• Take a second look at his ranking in intentional walks--18th all-time. This is not a guy who batted 8th in front of pitchers--he hit in the middle of the order and was a feared hitter.

So here's a poll for hos HOF candidacy:


This entry was posted on Wednesday, July 28th, 2010 at 7:00 am and is filed under Card of the Week. You can follow any responses to this entry through the RSS 2.0 feed. Both comments and pings are currently closed.

43 Responses to “Card of the Week: 1983 Topps #451 Ted Simmons Super Veteran (plus a bonus HOF poll)”

  1. I looked at Gary Carter's stats and Simmons has more hits and RBIs. Plus his average is higher. No gold gloves, but seems to be a very good catcher... at least as good as Carter.

  2. Simmons, while playing, had a rep as being a great hitter and a poor fielder. I was just a young teenager in the mid 70's, but I don't remember him being THAT bad a defensive catcher. And he could hit. His career overlaps quite a bit with Johnny Bench, so he was never going to be the best catcher in the NL. But he made a bunch of All Star teams, and continued to catch after the Card's got Joe Torre, another AS catcher. I don't buy Simmons as "as good" as Carter, or Fisk for that matter. But either Simmons or Torre is the best catcher NOT in the HOF. I think Torre was the better player, but when both were with the Cards, Torre's time as a catcher ended and Simmons remained behind the dish. So its hard to call Torre a career catcher. I would put Simmons in the Hall.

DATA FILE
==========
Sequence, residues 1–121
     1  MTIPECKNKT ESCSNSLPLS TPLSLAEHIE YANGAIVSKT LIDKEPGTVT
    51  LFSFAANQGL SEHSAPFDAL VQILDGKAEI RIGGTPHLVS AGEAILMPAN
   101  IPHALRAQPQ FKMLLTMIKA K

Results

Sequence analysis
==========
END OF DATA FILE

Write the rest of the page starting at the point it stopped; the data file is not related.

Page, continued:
3. The only knock on Simmons is that he was never the best catcher in baseball, but he was in the top 2 or 3 most of his career.

  4. BTW, this is a GREAT card and the whole set is a blast. Nice pick!

  5. Topps was big on the subsets every once in a while - like the MVP's in 1961 and 1975, the All-Time leaders in 1973, All-time Team in 1976, and the Active Leaders in 1984 (which I believe you have shown in a previous post).

    I remember not really being interested in the Super Veterans set back in 1983, but I should go back and check out the old photos - the Black and white probably did not inspire me at the time.